It’s a pretty clever design, and one that’s stood the test of time- the Badger was introduced into Earthquake’s tool line way back in 2000! The fact that it’s been on the market for over 20 years is a good indicator of the quality.

Aside from the swivel wheel assembly, the Badger also boasts some other helpful features.

The wheels themselves are a generous 11 inches, also helping better distribute weight and rolling easily over bumps and ruts. Earthquake made the tires airless to eliminate annoying problems with flat air tubes, and the aggressive lug pattern helps you get more traction on the ground.

The four tines are made from heavy-duty forged steel, and they dig nice and deep into the ground- 11 inches deep at the most aggressive setting. When you use all four tines, your tilling path is 21 inches wide, but you can remove one or both outer tines to narrow your tilling path to 16 or 11 inches.

The one thing to point out is that while the longer wheelbase is excellent for maneuverability while moving forward, it can make turning at the end of rows a bit more challenging.

Pros

  • Pivoting wheel assembly for excellent stability
  • Sturdy forged steel tines
  • Long time on the market
  • Adjustable tilling width
  • Long warranty period

Cons

  • Harder to turn around with the longer wheelbase

5. Tazz 35312 Front Tine Tiller

**Best Small Front Tine Tiller

Tazz 35312 Front Tine Tiller
  • Engine size: 79cc 4-stroke Viper engine
  • Tilling width: 21 inches (also adjustable to 16 inches and 11 inches)
  • Tilling depth: 11 inches
  • Tine rotation: Forward rotation
  • Transmission: Gear driven
  • Number of tines: 4
  • Weight: 75 pounds
  • Tire size and type: 8-inch wheels with rubber tires
  • Warranty: 3-year limited warranty

When you’ve got a smaller garden to tend to but still want plenty of power to get the job done well and fast, this tiller from Tazz is a winner.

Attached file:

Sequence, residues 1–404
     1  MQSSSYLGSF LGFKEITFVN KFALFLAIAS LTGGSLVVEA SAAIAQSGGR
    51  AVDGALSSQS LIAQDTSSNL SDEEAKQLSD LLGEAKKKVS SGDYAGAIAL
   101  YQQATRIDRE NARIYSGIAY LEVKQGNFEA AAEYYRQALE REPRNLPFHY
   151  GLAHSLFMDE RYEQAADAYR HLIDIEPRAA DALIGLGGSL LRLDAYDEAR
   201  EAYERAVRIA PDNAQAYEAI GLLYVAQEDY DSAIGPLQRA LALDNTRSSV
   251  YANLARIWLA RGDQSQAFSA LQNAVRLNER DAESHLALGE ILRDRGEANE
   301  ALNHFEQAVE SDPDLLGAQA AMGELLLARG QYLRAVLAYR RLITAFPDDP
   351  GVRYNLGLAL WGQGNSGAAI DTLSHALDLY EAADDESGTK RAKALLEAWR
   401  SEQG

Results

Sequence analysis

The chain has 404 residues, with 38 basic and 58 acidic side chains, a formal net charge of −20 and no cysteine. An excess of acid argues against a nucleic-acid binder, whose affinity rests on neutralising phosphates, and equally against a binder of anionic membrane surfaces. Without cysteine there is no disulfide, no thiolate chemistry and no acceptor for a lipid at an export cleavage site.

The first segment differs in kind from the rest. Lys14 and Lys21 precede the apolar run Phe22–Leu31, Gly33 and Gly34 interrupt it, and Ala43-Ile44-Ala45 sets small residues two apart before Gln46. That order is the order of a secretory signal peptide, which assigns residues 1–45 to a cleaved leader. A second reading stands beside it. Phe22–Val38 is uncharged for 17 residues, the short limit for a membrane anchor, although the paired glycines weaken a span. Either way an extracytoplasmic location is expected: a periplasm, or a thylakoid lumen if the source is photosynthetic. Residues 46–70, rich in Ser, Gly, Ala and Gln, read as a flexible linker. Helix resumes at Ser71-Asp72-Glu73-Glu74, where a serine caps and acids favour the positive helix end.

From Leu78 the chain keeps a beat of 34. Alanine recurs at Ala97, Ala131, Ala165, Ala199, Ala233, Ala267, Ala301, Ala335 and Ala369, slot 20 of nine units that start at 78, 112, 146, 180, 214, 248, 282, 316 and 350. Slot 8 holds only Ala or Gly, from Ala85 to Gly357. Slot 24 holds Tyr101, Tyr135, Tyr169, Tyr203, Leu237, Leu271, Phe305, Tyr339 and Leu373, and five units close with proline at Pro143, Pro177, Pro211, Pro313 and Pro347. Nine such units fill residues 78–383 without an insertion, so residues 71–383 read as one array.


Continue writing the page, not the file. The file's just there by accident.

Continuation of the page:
The Tazz brand is owned by Ardisam, which is also the parent company that owns the Earthquake brand. And this tiller has a couple common features as the more expensive Earthquake models.

The transmission is bronze gear driven, and both the bronze material and gear-controlled drives are known for their reliable performance and durability over time. So it’s a nice feature to see in a more affordable tiller frame.

This tiller also features a Viper engine, which is known for quality builds and performance. At 79cc displacement, the engine is a bit smaller than some other similarly-sized models, but it also has the benefit of being lightweight.

Strong forged steel tines that dig an impressive 11 inches down into the soil. With all four tines, your tilling path is nice and wide at 21 inches. When you’re working with tighter spaces, remove one or both outer tines to reduce that working width to 16 or 11 inches.

So while this tiller’s smaller engine doesn’t pack quite enough power for breaking tough new ground or working large areas, there are some very attractive features here for small to mid-sized gardens.

The initial assembly process is one drawback to point out. The drawings in the instructions are somewhat unclear, although that’s to be expected to some degree in black-and-white schematics. But do plan on dedicating some time to getting your tiller up and running.

Pros

  • Perfect for small to medium gardens
  • Sturdy gear-drive transmission
  • Deep tilling capability
  • Lightweight but powerful engine

Cons

  • Assembly can be tricky

6. Scotts Outdoor Power Tools TC70135S Tiller/Cultivator

**Best Electric Front Tine Tiller

Scotts Outdoor Power Tools TC70135S Tiller/Cultivator

  • Engine size: 13.5-amp electric motor
  • Tilling width: 16 inches (also adjustable to 11 inches)
  • Tilling depth: 8 inches
  • Tine rotation: Forward rotation
  • Transmission: Not stated
  • Number of tines: 6
  • Weight: 30 pounds
  • Tire size and type: 6-inch wheels with airless tires
  • Warranty: 3-year limited warranty

For smaller jobs close to a power outlet, you really can’t beat the convenience of just plugging your machine in and getting to work without any gas or batteries. For tasks like those, this little tiller from Scotts Outdoor Power Equipment is a nice option that packs more power than you might think.